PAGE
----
Highly energetic and stylish, Rachael McLaren is doing more than making moves, she’s leaving her mark. Born in Winnipeg to Jamaican parents, McLaren started taking dance classes when she was 5 years old.
Flashes of clever humour illuminate what is essentially a story about loss, and not entirely an upbeat one at that. The real highlights are the engaging and melodic score and an overall sparkling performance from a very talented cast
You wouldn’t think a musical about race relations in the Bad Old South and forbidden love between a white man and a black woman would be an entertaining night out, but Memphis is hugely so, driven by the compelling storyline and powerhouse vocals all around.
D’bi.young anitafrika is a mesmerizing performer, a controlled tornado of energy on stage as she fleshes out a dizzying range of roles from naive schoolgirl to strutting revolutionary and sinister cop in word!sound!powah!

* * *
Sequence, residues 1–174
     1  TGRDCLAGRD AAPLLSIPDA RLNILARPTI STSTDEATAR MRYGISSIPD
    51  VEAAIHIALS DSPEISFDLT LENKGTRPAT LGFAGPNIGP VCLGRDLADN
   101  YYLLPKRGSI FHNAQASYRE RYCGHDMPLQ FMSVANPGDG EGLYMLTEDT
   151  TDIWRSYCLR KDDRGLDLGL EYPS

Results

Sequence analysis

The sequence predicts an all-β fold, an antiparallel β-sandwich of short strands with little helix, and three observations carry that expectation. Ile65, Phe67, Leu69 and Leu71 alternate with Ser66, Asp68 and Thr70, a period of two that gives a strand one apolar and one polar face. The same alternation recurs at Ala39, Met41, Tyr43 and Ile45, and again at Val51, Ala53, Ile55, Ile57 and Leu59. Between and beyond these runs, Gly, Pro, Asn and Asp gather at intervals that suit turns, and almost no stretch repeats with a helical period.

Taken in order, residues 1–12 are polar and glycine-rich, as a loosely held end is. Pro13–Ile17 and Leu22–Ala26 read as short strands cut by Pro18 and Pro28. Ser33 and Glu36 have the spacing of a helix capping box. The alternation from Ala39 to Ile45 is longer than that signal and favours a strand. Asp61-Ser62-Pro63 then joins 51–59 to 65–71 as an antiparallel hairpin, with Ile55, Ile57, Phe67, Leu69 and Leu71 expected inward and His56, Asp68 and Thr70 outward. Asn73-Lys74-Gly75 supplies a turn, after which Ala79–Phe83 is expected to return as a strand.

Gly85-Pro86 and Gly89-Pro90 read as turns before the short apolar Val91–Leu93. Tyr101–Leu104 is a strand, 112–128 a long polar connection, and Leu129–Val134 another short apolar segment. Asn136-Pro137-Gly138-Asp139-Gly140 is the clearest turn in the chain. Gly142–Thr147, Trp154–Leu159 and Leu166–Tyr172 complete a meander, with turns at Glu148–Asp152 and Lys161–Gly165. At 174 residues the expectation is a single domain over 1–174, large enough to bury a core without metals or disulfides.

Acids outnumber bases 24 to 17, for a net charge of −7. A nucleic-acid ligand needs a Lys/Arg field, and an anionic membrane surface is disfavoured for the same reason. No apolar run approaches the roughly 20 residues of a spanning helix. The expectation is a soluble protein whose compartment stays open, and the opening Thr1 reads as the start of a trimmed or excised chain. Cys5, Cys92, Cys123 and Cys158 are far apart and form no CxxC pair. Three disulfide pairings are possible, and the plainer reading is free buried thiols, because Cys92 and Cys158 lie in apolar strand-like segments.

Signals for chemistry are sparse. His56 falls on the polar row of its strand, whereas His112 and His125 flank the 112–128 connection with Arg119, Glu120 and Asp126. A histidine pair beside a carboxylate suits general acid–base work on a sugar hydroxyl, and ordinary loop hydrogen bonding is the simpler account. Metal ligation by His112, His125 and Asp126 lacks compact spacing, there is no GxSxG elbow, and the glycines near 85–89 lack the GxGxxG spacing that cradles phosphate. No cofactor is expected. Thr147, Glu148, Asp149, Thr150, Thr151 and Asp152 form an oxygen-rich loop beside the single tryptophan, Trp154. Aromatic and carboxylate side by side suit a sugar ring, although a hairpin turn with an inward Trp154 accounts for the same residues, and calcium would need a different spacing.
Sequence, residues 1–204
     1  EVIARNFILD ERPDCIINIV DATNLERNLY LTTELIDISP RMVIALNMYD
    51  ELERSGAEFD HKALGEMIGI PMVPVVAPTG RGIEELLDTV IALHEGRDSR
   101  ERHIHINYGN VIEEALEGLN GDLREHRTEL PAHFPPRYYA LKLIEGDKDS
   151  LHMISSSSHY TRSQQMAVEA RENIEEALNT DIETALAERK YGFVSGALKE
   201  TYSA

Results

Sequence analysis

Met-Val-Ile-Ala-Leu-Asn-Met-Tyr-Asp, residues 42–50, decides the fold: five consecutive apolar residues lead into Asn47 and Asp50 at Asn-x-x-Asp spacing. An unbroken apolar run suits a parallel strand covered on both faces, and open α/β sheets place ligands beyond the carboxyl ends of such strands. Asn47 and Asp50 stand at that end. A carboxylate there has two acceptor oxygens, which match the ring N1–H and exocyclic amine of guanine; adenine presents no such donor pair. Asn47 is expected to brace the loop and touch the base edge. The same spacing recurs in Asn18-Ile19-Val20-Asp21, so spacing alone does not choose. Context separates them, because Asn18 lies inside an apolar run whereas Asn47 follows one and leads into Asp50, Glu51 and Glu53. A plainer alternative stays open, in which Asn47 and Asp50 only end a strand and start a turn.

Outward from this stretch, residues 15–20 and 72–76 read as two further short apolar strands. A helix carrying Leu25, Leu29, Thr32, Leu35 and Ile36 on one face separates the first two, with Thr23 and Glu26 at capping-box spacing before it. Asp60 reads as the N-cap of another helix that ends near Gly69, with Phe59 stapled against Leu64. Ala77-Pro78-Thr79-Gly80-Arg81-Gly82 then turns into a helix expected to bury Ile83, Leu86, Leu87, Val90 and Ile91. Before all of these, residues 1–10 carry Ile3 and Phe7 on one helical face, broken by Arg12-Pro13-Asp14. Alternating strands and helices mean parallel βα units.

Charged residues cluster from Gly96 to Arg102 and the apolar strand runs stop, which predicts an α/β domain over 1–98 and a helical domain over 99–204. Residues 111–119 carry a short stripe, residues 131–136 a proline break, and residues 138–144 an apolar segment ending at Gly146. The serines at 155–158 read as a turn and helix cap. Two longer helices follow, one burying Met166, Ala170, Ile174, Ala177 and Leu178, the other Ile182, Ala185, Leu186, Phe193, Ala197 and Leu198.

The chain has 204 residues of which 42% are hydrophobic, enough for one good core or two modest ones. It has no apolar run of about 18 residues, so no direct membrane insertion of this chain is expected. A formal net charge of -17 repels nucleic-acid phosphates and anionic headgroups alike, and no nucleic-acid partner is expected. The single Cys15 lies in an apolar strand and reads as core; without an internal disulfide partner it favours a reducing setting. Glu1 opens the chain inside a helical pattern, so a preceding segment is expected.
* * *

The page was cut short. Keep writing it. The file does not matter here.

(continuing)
In a word, FELA! is fabulous. Broadway veteran Bill T. Jones has created a unique theatrical construct that erupts on stage in a vibrant whirl of colour and movement set to the insistently danceable pulse of Afrobeat, the music created by its namesake.
Both plays take a particular view of Africa through a lens that is coloured one way or another by location and race. At the same time, neither offers easy answers or the last word on the topic, posing questions about larger issues through individual stories.